Who was Gina “Bronco” Bouza and was she killed by a toothless baboon from the San Diego Zoo? Addressing the second part of the question first, the answer is no. In regards to who Gina Bouza was, she never existed. Despite not being real, her story is told throughout the country, immortalized on the walls of Buca di Beppo.
The story starts with Billy Wolfe, who was a very real promoter of women’s wrestling, discovering the 19 year old Gina Bouza thanks to a newspaper article about her working in the stockyards. The paper claimed she could slaughter a cow by straddling a cow and clinching her thighs.
While it was claimed she was only 5’5″ and a hefty 205 pounds, she was said to defend her title up to 3 times a week. It is said she would face Mildred Burke, Susan Themelis, and Lemon Grove’s Betty “The Yeti” Zoska.
Among claims throughout the story of her cage matches, mud bouts, and battles with midgets, is the claim that really takes the story to another level, the day she decided to wrestle a baboon for charity. A story so odd and crazy, the comedian Bill Burr once devoted a portion of his radio show to discussing it.
The story goes that Buca di Beppo and the Knights of Columbus co-hosted a fundraiser on August 17, 1957. At the same time the San Diego Zoo was planning to remove Bungles, the toothless baboon, from public view. The promoter, Joey DelCampo, got the idea that there needed to be a match.
Before the match Gina was said to have posed for photographs and roped a midget. Then the baboon rode his red tricycle to the ring and sat in his corner, where a banana had been left for him.
Gina then entered the ring, and as the Hoover High School marching band played the national anthem, Bungles attacked. Gina cried “foul!” but it was too late, the baboon snapped her neck. He then picked her up and threw her corpse from the ring. The promoter could only repeat “Who knew?” as the police gunned down the baboon as he gummed the ropes.
The story ends talking about Gina Bouza’s “dedication to the sport of ladies professional wrestling” and “monkeys’ inherent advantages over people in speed, agility, reflexes, hammer locks, and airplane spins.”
One look at the story and it is pretty questionable, but taking place in a time when there were shows where people would wrestle animals such as bears, it has an air of believability. The story is sprinkled with names of real people in the wrestling industry at the time, and real places.
The first red flag (aside from the claims of killing a cow with her thighs) is the claim of her defending her title up to 3 times a week. The story claims she was outdrawing men and a hero to girls everywhere, but during the time she would have been active there were only three women to hold any version of the world title, Mildred Burke, June Byers, and The Fabulous Moolah. Of the three names the story lists as her regular opponents Betty Zoska is not a real person, and Susan Themelis might not be either. Mildred Burke wasn’t taking losses from anyone.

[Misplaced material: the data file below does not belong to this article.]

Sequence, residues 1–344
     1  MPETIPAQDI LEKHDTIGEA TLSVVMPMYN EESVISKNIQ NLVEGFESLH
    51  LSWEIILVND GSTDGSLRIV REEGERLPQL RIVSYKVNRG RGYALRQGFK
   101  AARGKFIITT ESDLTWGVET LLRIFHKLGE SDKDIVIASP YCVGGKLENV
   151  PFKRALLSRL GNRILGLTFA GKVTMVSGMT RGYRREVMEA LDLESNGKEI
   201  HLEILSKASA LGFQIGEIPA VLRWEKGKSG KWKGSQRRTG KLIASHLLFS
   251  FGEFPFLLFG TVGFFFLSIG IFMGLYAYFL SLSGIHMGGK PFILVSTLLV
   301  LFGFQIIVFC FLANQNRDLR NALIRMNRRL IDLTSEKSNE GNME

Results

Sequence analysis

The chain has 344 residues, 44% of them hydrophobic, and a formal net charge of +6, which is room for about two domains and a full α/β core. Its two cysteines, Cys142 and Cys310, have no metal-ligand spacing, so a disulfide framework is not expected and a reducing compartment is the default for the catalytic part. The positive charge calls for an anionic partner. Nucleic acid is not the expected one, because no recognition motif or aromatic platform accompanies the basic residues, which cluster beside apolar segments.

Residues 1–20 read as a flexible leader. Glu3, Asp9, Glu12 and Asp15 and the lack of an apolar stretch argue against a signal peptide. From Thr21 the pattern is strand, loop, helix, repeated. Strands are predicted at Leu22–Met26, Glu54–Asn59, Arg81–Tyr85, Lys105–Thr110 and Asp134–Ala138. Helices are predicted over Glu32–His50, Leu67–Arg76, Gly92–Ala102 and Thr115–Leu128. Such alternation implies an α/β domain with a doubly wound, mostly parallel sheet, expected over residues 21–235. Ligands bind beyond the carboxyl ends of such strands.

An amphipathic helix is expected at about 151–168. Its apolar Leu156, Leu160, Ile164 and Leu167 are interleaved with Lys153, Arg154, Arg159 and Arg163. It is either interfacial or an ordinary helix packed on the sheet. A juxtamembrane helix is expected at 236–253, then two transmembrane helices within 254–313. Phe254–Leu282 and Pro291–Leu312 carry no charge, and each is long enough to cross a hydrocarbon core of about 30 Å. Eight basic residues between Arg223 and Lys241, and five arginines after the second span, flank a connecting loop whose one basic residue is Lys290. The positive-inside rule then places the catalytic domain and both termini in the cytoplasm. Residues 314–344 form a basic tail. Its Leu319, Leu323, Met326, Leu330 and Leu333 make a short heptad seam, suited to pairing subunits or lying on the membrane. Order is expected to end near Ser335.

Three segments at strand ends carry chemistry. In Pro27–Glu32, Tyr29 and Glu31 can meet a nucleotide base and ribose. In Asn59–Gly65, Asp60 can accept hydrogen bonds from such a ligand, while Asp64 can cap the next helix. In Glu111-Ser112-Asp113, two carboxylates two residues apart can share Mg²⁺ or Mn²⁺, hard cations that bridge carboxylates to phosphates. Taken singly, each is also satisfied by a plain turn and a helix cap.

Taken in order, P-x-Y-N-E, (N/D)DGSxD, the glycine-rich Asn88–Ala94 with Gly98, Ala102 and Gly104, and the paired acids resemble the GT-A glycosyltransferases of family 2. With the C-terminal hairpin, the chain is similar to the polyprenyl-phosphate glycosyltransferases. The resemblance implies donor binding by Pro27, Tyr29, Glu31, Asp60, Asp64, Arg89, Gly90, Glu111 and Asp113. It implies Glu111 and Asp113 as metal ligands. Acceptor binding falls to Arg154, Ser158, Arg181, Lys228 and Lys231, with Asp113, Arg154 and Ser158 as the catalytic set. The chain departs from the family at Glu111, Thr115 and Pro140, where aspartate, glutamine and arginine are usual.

The story’s claim about a charity event being promoted by Buca di Beppo and the Knights of Columbus in 1957 the lead to the unfortunate death at the hands of a primate simply can’t be true as well. Buca di Beppo wasn’t founded until 1993. No location was opened in San Diego till at least 1999. Women’s wrestling was completely banned in California at the time as well, though I guess a match with a monkey might fall outside the jurisdiction of the state athletic commission.
A baboon killing a famous wrestler would have been a big story. However there is no mention of it in the Los Angeles Times the next day as well. It simply never happened. In fact, depending on where the Buca di Beppo you are eating at is, the locations listed in the story change to fit the location of the restaurant.
The obvious ridiculousness of the story hasn’t stopped people from being fooled by it however. Aside from the previously mentioned Bill Burr radio show a quick Google search sees it being brought up in various places as a real event. There is even a site with a list of wrestlers deaths with her picture (taken straight from the restaurant) and her date of death listed.
In closing, as amazing a story as it would have been if the greatest women’s wrestler of her time met her demise at the hands of a toothless baboon her in Southern California, you just can’t believe everything you read on the wall of a Buca di Beppo.